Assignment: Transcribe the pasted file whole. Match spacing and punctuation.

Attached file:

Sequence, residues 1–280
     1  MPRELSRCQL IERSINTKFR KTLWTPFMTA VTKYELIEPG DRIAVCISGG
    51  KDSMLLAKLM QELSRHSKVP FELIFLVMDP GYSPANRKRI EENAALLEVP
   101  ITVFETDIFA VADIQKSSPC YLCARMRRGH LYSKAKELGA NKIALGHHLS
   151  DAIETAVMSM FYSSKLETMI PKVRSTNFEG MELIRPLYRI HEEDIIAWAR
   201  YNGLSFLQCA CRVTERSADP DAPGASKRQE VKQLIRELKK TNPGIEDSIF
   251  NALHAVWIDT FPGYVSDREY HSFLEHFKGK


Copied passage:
Sequence, residues 1–280
     1  MPRELSRCQL IERSINTKFR KTLWTPFMTA VTKYELIEPG DRIAVCISGG
    51  KDSMLLAKLM QELSRHSKVP FELIFLVMDP GYSPANRKRI EENAALLEVP
   101  ITVFETDIFA VADIQKSSPC YLCARMRRGH LYSKAKELGA NKIALGHHLS
   151  DAIETAVMSM FYSSKLETMI PKVRSTNFEG MELIRPLYRI HEEDIIAWAR
   201  YNGLSFLQCA CRVTERSADP DAPGASKRQE VKQLIRELKK TNPGIEDSIF
   251  NALHAVWIDT FPGYVSDREY HSFLEHFKGK